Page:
She’d met him at the Coonoor Club, and Rohit had made no effort to hide his instant attraction to her. Both were down on holiday here, they both lived and worked in Gurgaon, and had a few mutual acquaintances. What’s more, he was very good looking even if he favoured a slightly flashy style of dressing.

And now Rohit blew it. Ending his impassioned appeal, he stepped up to the young Hindi speaker and put an entreating hand on the man’s forearm. The man recoiled, then hit Rohit with the flat side of his scythe. Rohit reeled, and saw another man attempt to pull Rhea’s top out of the waistband of her skirt.




The next few minutes were a blur. He could feel each blow as it fell hard on him. Pain and fear melded in a sticky mind-body mess. He watched as Rhea was groped, as she pulled away yelling.

Then Rohit was on his knees, begging.

‘Please, please let us go,’ he sobbed. ‘Our lives are in your hands, we are nothing, let us go and forget you ever met us.’ He tried not to see the looks of amusement and contempt on their faces.

Rhea then spoke up. Speaking in Tamil, she asked the men something. Surprised, they moved across to her. Rohit slowly wiped the blood off his mouth onto his shirt-sleeve. He couldn’t understand a word of what Rhea was saying; he couldn’t even begin to guess anything from her tone. He saw her looking directly into the eyes of the Hindi speaker; she was so close to the man. Maybe she fancied these black-skinned types, he thought sourly. He himself was fair, ruddy even.

To his horror, the three men pushed her off the bridle path and into the woods. Rohit tried to shout but found his voice had dried up. He watched helplessly, as they walked into the woods. Then they were lost to sight. Rohit couldn’t hear a thing. The idea of taking off didn’t even cross his mind. He waited, feeling utterly helpless and angry. There was blood dripping warm from a cut on his nape; a gash on his left knee hurt like hell.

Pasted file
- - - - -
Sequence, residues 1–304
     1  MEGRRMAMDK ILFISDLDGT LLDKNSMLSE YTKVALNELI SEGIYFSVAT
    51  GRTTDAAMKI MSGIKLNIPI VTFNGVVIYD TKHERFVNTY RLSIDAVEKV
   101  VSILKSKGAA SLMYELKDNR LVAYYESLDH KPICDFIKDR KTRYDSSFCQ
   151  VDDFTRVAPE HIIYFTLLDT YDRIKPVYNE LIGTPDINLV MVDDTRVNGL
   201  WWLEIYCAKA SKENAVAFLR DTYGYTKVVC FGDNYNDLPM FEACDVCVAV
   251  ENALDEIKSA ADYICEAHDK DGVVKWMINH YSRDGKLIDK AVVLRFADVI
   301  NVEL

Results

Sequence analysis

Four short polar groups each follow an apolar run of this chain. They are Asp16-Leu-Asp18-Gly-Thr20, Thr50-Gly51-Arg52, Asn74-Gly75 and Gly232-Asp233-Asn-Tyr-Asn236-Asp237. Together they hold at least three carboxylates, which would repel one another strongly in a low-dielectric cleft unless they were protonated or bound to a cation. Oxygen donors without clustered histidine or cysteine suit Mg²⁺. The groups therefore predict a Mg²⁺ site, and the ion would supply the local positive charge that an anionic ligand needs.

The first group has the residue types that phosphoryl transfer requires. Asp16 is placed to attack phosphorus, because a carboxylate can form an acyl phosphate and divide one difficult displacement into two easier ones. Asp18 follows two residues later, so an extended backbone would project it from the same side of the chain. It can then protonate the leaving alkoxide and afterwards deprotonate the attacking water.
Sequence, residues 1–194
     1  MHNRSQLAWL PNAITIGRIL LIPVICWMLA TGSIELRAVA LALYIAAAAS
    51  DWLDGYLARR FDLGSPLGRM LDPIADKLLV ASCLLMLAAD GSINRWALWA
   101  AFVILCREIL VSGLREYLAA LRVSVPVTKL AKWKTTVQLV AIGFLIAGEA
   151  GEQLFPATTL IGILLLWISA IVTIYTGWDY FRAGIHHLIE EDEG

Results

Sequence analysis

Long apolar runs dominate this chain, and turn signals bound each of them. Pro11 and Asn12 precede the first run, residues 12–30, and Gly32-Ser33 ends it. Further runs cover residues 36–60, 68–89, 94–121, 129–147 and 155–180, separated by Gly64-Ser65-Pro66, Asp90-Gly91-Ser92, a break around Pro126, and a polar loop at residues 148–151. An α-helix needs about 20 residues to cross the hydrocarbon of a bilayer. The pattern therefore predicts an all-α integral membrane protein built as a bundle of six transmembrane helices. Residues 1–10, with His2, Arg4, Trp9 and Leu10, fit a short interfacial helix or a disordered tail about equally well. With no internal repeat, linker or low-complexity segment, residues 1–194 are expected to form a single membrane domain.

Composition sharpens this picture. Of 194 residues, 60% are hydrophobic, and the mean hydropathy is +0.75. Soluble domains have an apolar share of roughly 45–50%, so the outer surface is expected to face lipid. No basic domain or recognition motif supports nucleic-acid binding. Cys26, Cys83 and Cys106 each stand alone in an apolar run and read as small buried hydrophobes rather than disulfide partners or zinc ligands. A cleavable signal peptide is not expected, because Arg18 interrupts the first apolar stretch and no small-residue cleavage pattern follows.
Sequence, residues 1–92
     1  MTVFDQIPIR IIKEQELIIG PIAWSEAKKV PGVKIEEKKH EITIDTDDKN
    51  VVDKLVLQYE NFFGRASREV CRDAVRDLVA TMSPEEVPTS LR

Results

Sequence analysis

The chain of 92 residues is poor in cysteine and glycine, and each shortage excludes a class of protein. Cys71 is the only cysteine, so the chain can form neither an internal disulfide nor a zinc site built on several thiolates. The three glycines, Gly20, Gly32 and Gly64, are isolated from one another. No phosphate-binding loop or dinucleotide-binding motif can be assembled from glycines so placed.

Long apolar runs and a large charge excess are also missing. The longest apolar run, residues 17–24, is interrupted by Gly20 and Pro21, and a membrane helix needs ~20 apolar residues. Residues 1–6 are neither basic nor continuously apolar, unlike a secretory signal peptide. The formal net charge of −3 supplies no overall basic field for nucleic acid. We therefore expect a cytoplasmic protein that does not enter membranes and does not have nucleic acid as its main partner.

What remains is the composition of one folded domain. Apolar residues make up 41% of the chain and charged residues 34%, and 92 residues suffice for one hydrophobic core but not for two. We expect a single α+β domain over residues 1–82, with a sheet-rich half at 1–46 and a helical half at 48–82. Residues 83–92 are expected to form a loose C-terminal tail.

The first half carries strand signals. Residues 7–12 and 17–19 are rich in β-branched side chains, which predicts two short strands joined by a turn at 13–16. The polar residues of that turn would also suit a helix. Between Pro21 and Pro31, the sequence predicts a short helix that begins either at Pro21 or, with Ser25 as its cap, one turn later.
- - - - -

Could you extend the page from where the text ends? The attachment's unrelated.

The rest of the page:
When they came back after ten minutes maybe less, Rohit had no way of telling, the men came first, Rhea at the rear. Without a word, they indicated that the couple was to get back onto the pony track. All five walked in silence. Overhead, there was birdsong and pale-winged butterflies flitted about near them. Everything seemed so surreal.





A short while later, they were back at the car. The Hindi speaking man looked enquiringly at Rhea.

‘Give him the car keys,’ she instructed Rohit.

‘What? This is not my car. I can’t. I won’t.’

‘Don’t be stupid, Ro.’ Rhea told him in a deadly tone, all the while smiling an unnerving smile. ‘Just give him the car keys.’

For one wild moment, Rohit contemplated some commando action where he’d leap into the car, fire the ignition and drive away. Except he was no commando, he had never had any commando training and what about Rhea? And he stifled the thought that the stupid woman deserved to be left behind.